"I think some of the power of the original Amityville (movie) is that there is a place called Amityville and it is a suburb of New York and there was a grotesque murder there, the result of which a young couple that moved in was scared out of their wits because they 'saw' certain things. There were one-and-a-half very real things that happened."

The murders are still notorious and have been called "the day that lives in infamy." At 3:15 a.m. on a stormy night in November, 1974, Ronald (Butch) DeFeo Jr. grabbed a shotgun and murdered his parents, two brothers and two sisters, later claiming demonic voices in the house told him to do it and that he could not stop: "I felt somebody was inside moving me," DeFeo said in a recorded 1979 interview from prison, where he is serving six consecutive life sentences.

In December of 1975, newlyweds George and Kathy Lutz and her three children from a previous marriage moved in to 112 Ocean Ave. (the address has since been changed and the "eyes" replaced with squared windows to disguise the real house, which is now occupied a family which hates publicity). The Lutzs knew about the murders but the place was a bargain at $80,000. The Lutzs suddenly fled the house and almost all their possessions 28 days later, claiming that the house was possessed by demons and that such fantastical and evil things had happened that they could not stay.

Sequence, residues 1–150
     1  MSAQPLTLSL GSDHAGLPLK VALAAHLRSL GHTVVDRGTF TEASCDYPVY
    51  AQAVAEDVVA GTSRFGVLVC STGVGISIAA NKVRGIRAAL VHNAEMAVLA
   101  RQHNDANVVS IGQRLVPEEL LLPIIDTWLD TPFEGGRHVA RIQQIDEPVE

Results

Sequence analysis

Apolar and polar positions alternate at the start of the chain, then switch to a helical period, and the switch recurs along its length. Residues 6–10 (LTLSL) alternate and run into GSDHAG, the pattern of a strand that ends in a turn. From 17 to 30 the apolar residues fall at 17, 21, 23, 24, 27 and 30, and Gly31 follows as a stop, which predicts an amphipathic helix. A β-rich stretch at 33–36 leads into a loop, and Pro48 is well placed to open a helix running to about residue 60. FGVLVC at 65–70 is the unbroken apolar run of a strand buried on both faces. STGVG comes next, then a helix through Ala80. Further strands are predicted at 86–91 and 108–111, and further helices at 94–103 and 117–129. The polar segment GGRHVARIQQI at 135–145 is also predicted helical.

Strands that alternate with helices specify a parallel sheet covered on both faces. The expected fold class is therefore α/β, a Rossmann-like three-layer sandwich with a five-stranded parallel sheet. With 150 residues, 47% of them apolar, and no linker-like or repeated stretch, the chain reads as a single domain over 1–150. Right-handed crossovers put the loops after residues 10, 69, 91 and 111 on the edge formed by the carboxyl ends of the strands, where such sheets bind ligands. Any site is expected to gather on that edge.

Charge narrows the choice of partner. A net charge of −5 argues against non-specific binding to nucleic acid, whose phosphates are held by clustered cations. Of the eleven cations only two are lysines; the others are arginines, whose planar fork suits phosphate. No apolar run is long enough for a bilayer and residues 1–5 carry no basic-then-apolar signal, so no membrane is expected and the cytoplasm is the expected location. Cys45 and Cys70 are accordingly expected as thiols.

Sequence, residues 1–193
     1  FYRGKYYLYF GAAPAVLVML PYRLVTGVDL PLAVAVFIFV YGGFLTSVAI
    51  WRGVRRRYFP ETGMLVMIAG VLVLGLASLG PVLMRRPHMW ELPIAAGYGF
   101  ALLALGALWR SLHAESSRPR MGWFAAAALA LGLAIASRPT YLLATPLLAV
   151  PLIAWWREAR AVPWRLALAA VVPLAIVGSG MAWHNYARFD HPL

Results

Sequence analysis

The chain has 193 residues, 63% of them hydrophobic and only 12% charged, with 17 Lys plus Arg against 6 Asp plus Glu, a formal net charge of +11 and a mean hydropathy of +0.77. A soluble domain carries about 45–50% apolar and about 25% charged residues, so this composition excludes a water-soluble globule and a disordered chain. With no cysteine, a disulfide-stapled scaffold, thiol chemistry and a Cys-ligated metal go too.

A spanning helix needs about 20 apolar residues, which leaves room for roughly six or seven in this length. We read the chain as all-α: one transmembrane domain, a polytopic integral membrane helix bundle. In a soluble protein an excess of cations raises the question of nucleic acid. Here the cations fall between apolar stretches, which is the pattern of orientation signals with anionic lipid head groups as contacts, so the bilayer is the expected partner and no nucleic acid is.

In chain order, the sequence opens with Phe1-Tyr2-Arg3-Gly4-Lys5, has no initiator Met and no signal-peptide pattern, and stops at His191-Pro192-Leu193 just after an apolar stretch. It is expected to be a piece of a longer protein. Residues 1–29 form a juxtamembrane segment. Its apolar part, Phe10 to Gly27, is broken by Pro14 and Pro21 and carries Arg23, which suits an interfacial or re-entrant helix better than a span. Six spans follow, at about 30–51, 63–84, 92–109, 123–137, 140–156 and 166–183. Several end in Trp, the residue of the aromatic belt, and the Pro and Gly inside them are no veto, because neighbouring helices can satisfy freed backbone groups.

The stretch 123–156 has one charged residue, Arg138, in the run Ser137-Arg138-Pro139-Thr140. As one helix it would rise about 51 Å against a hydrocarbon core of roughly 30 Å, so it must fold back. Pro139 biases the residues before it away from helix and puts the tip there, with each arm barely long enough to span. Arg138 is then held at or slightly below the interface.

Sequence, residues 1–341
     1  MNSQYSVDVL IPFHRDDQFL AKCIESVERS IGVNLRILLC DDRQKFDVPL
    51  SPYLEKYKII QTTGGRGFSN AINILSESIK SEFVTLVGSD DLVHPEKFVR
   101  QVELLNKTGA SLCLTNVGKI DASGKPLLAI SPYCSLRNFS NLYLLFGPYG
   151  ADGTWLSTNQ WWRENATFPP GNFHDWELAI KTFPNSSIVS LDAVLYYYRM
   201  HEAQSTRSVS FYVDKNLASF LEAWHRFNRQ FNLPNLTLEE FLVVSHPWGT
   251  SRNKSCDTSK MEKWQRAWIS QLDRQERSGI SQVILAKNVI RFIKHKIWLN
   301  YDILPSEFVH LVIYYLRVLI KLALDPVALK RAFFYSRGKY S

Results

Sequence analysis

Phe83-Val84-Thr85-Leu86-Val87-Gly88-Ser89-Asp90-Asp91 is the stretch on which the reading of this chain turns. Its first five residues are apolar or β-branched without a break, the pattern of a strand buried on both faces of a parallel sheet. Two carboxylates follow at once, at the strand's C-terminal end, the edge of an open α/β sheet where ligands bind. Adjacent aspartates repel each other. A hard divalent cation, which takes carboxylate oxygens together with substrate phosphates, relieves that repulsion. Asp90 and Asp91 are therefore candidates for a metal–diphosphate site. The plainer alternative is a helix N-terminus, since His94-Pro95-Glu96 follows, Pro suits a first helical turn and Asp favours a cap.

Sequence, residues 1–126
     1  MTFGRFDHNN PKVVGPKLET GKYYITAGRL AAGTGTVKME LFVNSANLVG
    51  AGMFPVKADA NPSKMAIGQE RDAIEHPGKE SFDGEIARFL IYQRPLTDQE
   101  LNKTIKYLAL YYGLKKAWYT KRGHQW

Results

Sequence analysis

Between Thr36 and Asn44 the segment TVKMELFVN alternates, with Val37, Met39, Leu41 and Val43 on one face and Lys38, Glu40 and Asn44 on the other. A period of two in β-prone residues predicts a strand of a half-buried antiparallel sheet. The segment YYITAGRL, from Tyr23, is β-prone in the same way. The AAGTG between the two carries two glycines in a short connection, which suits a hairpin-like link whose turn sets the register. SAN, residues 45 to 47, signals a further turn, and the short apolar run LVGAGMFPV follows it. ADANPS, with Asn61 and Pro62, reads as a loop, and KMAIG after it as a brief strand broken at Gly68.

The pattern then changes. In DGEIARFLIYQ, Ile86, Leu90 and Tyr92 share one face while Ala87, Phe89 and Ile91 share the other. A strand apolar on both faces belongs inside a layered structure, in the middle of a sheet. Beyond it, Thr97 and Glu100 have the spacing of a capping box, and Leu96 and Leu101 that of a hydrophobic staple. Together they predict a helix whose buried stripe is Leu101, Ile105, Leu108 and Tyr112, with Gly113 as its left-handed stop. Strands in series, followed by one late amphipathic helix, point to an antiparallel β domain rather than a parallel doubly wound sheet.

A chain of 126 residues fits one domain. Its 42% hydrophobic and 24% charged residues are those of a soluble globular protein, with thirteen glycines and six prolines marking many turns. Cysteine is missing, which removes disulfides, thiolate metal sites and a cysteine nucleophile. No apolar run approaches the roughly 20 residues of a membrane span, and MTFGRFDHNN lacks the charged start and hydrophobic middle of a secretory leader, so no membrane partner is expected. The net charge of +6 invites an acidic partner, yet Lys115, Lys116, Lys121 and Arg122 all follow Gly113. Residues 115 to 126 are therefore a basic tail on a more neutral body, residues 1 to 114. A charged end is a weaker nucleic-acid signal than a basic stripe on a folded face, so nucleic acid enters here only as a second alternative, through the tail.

The real George Lutz, who was played by Brolin in the original movie and by rising Canadian star Ryan Reynolds in the re-make, told interviews for The History Channel that: "We left the house because the house became uninhabitable."

Kathy Lutz said in the same show, Amityville: The Haunting, that they were terrorized and cannot any longer detail how that happened: "To describe fear, and the depth of what fear can do within you, is hard to verbalize."

Kathy Lutz, who was eventually divorced from George, is now deceased. Australian actress Melissa George, who plays her in the re-make, never had a chance to meet her. "She wasn't very well so there was no meeting," George says. "I just read her diaries of what she went through and just sort of based it on that. Then, week one (of shooting in Wisconsin, of all places), she was gone. It was very freaky actually. It was a very sad day for everybody."

There is still intense curiosity and controversy about what really happened to the real Lutz family. Psychic and so-called demonologist Lorraine Warren, who investigated the Amityville house with husband Ed Warren, is absolute that strange things happened to the Lutz's and to many other families which lived in the house before. "I don't think the Amityville house was haunted," she says in L.A., "I know the Amityville house was haunted."

But not by ghosts, Warren says. Instead, she and her husband believe there is, or was, an intelligent demonic presence there that preyed on people, some more than others.